• Source. This suit reminds us of the principles, talents and gifts needed in any marketing effort, to inspire others to align with you. These students demonstrated Awareness, which matches the cards for commitment and collaboration. They chose Initiative, which matches the cards for  with action and creativity.
  • Success. This suit reminds us that there are many roles one can play in marketing. But your desired audience needs to see you as legitimate in order to commit to participate with you. These students chose the role of Explorer, discovering and doing what matches the cards for producers and inventors. They also chose the role of Mountaineer, climbing and doing what matches the cards for innovators and champions.

Did these students read my book? Not likely. But that only proves what I have seen over and over about marketing, and why I wrote it the way I did.

Marketing done with ethics and energy, with purpose and the community betterment at its heart, is High Performance Communication.

Twitter Page: @AMarch4OurLives

Do we have proof of marketing success?

March for Our Lives was on March 24th, a spontaneous, constructive response to the school killings they survived just five and a half weeks earlier on February 14th.

Totals are still being tabulated, but upwards of 800,000 people marched peacefully in Washington, D.C. that day. About 847 equally peaceful sister marches happened the same day in cities across the U.S. and the world, from handfuls of people to hundreds of thousands more.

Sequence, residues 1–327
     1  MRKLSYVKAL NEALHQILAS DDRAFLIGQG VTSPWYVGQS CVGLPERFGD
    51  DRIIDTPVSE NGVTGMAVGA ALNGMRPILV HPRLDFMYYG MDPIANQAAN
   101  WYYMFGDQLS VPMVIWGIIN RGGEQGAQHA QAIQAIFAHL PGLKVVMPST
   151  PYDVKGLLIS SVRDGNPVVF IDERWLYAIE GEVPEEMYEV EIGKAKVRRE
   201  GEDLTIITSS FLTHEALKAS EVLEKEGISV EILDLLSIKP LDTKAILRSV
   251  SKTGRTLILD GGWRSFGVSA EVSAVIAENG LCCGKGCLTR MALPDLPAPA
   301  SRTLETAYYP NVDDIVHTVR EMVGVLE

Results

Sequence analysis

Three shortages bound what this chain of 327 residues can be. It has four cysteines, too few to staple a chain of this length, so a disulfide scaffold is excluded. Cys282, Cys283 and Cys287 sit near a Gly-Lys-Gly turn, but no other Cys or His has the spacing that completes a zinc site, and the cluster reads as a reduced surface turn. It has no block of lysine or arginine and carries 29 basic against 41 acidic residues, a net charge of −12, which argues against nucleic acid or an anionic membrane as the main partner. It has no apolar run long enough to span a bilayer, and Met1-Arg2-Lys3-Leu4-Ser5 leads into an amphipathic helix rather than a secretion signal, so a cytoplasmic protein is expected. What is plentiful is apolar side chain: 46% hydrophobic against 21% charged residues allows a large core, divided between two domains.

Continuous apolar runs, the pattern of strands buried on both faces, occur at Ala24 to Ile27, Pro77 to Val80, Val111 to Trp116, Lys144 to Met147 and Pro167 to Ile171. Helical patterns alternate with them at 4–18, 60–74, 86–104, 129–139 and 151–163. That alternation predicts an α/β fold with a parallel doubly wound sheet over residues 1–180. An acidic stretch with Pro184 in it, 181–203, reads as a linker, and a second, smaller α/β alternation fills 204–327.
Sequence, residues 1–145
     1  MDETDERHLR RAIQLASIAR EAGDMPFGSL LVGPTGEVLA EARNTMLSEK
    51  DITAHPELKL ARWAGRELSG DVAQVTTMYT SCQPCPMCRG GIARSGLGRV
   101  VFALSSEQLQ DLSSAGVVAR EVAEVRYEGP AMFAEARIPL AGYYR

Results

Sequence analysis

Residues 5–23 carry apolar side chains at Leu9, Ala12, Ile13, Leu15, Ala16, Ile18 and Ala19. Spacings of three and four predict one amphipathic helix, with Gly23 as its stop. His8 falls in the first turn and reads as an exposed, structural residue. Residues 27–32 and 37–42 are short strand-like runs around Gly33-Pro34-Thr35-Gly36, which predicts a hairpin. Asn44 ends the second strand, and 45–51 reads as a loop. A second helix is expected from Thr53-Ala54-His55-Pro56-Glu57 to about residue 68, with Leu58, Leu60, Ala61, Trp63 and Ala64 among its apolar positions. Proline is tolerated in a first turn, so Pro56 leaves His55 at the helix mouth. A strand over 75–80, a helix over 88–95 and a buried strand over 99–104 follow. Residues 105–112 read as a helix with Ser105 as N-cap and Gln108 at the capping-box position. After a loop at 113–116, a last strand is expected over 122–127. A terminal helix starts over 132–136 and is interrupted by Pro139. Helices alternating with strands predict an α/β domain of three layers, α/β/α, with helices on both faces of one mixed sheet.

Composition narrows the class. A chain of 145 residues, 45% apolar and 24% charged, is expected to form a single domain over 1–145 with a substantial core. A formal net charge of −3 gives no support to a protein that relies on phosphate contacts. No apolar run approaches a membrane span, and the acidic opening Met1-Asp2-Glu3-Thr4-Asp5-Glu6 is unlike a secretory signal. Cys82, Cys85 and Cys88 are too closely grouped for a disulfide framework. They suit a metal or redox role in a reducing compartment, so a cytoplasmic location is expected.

As I observed about our local march of 4,000 people, it was “joyful, peaceful, energetic, and focused with Kids, Babies, Teens, Parents, Singles, Seniors, many enlightened Doggies, AND Congressman Adam Schiff.”

Yet because they have a clearly defined mission and benchmarks to meet, these teens are not resting on laurels or calling it one-and-done. They are moving forward with the next tasks.

March for Our Lives Facebook Group

Which brings me to my final Marketing Mastery accolade for these students.

I mentioned collaboration earlier. I have seen them thrust into the media limelight, both admired and reviled.

Yet not one of them has showboated, or been egotistical, or stooped low in their comments, despite being teenagers inexperienced with the heat of media’s glare and pundit barbs.

Marketing Mastery is at its finest when it brings out the best in people.

These and other teens are showing us all the path, as they walk their talk.

Appreciation goes to a new generation of leaders taking their mantles early.

— Diane A. Curran

P.S. (4/3/18 update) The energy is real for not calling it one-and-done. 10 days later, this article surfaced in cyberspace, bringing its own reality check: “Voices of black and brown youth: ‘We march for our lives every day.” With speeches, slam poetry, and an irrefutable grasp of the awful statistics of Chicago’s local gun violence, these voices remind us that they face danger in or out of school on a daily basis, and they are willing to say it like it is. #MarketingGetsGritty #MarketingOnPurpose